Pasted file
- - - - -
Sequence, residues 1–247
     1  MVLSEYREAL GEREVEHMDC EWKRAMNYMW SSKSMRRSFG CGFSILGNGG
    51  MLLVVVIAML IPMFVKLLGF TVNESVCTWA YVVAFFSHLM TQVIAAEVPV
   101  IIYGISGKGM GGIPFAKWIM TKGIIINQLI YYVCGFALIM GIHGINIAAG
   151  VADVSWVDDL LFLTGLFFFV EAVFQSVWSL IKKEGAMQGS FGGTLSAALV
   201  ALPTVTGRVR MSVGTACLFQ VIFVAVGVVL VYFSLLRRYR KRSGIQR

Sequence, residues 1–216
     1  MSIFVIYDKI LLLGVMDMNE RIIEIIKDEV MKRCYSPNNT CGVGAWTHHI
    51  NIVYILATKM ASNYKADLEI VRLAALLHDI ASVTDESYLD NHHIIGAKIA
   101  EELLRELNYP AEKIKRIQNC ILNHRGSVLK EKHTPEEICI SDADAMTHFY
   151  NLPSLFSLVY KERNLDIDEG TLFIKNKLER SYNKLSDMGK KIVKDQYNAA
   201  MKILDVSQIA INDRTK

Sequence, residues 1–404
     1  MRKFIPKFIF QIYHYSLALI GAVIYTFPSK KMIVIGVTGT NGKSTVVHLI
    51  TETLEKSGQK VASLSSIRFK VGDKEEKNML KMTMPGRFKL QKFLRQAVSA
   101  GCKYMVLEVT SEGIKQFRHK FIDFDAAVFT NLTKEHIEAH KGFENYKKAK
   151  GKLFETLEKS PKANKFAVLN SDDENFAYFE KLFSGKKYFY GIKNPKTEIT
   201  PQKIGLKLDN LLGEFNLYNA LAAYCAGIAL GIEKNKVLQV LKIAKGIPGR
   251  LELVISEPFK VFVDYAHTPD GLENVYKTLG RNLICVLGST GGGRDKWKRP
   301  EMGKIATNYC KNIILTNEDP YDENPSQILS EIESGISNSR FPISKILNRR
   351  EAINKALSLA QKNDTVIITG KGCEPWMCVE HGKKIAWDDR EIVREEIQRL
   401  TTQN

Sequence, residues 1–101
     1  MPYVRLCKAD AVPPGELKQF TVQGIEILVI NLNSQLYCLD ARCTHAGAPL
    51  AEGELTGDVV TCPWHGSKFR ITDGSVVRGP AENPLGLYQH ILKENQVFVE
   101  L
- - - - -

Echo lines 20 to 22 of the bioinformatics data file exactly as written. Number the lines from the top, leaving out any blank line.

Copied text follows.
   301  EMGKIATNYC KNIILTNEDP YDENPSQILS EIESGISNSR FPISKILNRR
   351  EAINKALSLA QKNDTVIITG KGCEPWMCVE HGKKIAWDDR EIVREEIQRL
   401  TTQN